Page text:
I am 100 per cent fit: South Africa pacer Lungi Ngidi

So South Africa's dream of a first World Cup win looks over, even if progress to the last four still remains mathematically possible.

While the unbeaten Black Caps remain unchanged for the clash, South Africa - who have managed just one win from five games - replaced Beuran Hendricks with Ngidi.

The weather forecast doesn't seem quite promising as New Zealand take on South Africa at Edgbaston in Birmingham on Wednesday. Despite two catch-drop instances, South Africa could not capitalise upon it and produced a reachable target of 242 for the Kiwis to chase.

A victory against Afghanistan kept the Proteas' top-four and semi-final hopes alive, but there is no room for error now, with South Africa four points adrift of fourth-placed India.

New Zealand: Guptill, Munro, Williamson (C), Taylor, Latham (WK), Grandhomme, Neesham, Santner, Henry, Ferguson and Boult. It just becomes a mental game at a World Cup, trying to deal with all the pressures and stuff.

And as the tournament goes on, Williamson believes this experience will hold his team in good stead. In the end, the Black Caps got home by four wickets and reclaimed the top spot on the points table courtesy of skipper Kane Williamson's 12th century in the ODI format. Kagiso Rabada (South Africa): The 24-year-old has been a strike bowler for South Africa for the last few years, leading the pace battery in the absence of Dale Steyn. In the next ball, the ice-cool Williamson dabbed down to third man for a four to win it for his team.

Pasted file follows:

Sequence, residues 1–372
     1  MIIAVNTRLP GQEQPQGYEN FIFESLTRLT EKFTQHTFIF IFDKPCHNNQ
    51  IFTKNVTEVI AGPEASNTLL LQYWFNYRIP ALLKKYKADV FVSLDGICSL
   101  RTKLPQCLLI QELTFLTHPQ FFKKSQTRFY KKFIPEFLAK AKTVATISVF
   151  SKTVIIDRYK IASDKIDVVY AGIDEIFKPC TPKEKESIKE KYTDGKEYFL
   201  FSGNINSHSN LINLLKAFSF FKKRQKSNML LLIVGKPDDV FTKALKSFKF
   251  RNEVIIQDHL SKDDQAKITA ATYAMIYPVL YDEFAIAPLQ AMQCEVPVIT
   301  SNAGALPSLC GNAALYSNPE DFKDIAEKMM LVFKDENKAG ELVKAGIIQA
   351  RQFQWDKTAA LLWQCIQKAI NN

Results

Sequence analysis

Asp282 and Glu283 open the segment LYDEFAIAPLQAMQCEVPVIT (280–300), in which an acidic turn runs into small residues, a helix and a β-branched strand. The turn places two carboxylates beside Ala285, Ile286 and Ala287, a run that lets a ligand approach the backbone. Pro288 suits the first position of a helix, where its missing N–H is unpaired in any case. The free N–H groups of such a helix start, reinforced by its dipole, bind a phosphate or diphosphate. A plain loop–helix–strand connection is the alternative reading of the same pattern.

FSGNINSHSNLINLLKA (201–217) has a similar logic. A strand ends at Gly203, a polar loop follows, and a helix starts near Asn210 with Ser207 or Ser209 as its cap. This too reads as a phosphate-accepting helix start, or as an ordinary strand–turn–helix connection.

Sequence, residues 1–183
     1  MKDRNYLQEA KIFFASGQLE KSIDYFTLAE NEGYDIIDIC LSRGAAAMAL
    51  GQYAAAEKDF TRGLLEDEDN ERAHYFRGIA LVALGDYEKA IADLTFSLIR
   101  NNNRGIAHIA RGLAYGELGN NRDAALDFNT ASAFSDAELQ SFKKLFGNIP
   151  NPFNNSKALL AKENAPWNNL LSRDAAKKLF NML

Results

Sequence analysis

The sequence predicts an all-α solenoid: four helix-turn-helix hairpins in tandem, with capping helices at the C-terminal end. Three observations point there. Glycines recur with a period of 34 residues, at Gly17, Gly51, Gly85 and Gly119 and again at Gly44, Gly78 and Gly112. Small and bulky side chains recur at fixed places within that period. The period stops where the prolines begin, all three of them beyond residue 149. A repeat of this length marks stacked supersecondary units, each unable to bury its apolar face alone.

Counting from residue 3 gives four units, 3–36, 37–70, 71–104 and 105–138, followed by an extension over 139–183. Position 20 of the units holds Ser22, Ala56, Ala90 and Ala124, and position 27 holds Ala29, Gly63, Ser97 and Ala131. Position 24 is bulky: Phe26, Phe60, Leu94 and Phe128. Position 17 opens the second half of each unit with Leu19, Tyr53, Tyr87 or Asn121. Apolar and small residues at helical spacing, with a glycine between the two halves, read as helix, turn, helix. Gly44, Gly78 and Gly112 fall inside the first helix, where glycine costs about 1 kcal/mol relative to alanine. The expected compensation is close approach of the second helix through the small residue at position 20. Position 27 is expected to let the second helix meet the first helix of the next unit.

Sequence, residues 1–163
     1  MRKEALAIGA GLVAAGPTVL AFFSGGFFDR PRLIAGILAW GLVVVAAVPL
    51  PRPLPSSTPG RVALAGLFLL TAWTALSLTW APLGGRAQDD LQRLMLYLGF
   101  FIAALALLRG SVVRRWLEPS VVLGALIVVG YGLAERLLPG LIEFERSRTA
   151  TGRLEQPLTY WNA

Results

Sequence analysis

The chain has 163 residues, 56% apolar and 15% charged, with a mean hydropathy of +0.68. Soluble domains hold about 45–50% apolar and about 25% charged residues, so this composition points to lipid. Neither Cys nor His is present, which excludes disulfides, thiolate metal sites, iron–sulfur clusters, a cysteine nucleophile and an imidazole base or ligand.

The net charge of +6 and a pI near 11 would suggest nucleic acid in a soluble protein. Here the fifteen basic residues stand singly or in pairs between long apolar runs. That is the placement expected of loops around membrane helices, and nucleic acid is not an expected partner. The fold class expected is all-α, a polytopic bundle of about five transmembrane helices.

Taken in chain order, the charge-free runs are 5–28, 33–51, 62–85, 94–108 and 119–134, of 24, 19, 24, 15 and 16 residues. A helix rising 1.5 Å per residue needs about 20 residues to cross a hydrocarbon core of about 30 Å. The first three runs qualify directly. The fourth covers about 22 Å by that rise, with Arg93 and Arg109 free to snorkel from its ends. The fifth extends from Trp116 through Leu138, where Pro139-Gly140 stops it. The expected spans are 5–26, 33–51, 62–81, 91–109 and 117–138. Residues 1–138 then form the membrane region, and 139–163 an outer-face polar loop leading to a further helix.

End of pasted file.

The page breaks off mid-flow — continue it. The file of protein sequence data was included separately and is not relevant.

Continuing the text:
Cloin de Grandhomme (60) was dismissed after an impressive contribution, Lungi Ngidi was the wicket taker with Faf du Plessis taking the much needed catch.

Williamson and Martin Guptill struggled for early timing but set a solid platform, before New Zealand lost 3-8 in a weird 20 balls and it was game on at 80-4.

South Africa did not help themselves on Wednesday when Williamson, who had then made 76, got a thin edge off Imran Tahir to wicketkeeper Quinton de Kock.

New Zealand have a solid batting unit. "I think then you could be looking at a different situation with their batting", he concluded. "We could have tested their techniques a lot more, instead we bombarded them with the short ball, which they expected, and it played into their hands".

The bowlers, consisting Trent Boult, Tim Southee and Lockie Ferguson, have been exceptional and have restricted the opposition to below-par totals, thus making it easier for their batters.

  • Julie Sanders